Radiation Therapies for Cancer

Chemical Analysis of Artifacts Recovered from Regional Excavations

Tuesday, September 17, 2013 | 12:30-1:30 p.m.
Whitewater Room, Idaho Commons

Presenter: Ray von Wandruszka, Professor of Chemistry

About three years ago, the Department of Chemistry started a collaboration with Mark Warner (Sociology/Anthropology) on the chemical analysis of archaeological artifacts recovered from various locations in the Pacific Northwest. We deal with historic, rather than prehistoric, materials, and most items analyzed in the laboratory are bottles and containers with mysterious contents. The work is mostly carried out by undergraduate researchers, who sign up for it via an Undergraduate Research (Chem 491) course. The course primarily involves analytical chemistry, but archival and ethnographic investigations also play an important role. The work has turned out to be highly motivating to undergraduates, who find this kind of chemical detective work intriguing. It also has definite didactic value, since it exposes students to techniques and insights that they would never come across in a standard “recipe-based” laboratory. Sometimes there are Eureka moments, while at other times the conclusion is “that’s just dirt.”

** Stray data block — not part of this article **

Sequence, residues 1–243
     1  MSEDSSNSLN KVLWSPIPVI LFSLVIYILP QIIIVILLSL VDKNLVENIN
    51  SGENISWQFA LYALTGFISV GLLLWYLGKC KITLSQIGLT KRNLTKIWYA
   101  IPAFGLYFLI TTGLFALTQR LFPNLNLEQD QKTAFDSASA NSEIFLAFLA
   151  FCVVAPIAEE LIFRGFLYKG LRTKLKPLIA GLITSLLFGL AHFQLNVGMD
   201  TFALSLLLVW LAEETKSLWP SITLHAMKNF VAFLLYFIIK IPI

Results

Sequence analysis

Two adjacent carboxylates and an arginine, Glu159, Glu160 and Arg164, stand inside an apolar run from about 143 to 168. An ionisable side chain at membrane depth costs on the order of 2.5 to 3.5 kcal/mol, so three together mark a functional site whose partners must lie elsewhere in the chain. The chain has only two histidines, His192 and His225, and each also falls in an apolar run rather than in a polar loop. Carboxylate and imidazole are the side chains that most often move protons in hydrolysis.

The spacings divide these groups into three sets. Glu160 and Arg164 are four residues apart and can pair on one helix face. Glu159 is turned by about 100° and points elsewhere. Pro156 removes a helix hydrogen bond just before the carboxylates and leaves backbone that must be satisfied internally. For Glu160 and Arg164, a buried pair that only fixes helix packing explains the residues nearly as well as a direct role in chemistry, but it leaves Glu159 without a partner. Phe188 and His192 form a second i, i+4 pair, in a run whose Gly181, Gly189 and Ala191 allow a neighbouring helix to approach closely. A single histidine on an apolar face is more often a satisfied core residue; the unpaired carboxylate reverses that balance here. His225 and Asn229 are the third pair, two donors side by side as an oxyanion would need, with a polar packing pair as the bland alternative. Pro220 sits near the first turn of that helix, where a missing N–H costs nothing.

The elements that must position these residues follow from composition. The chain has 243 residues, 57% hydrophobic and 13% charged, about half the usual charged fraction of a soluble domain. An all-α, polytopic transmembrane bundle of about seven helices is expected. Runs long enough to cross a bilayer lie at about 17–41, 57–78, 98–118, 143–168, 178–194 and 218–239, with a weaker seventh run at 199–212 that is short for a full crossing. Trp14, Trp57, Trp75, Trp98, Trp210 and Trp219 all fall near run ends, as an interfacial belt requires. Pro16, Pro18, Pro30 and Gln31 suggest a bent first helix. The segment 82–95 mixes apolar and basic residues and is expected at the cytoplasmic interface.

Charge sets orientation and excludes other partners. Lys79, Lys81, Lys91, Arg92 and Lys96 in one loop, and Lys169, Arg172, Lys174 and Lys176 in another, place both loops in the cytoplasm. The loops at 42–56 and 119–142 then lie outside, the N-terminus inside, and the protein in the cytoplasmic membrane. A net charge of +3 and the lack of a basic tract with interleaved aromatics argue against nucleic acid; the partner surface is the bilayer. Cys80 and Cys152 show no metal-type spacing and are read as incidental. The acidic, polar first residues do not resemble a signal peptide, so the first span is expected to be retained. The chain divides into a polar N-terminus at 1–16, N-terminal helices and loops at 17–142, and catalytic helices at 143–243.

Ray von Wandruszka earned a B.Sc. (Hons), University of the Witwatersrand in Johannesburg, South Africa, and his Ph.D. from the University of Wyoming. After working as post-doctoral associate and post-doctoral lecturer at the University of Georgia, he returned to the University of the Witwatersrand as a lecturer and senior lecturer of chemistry. He came to the University of Idaho in 1988 and was promoted to professor in 1998. Since 2006, he has been chair of the UI’s Department of Chemistry, where he specializes in analytical and environmental chemistry.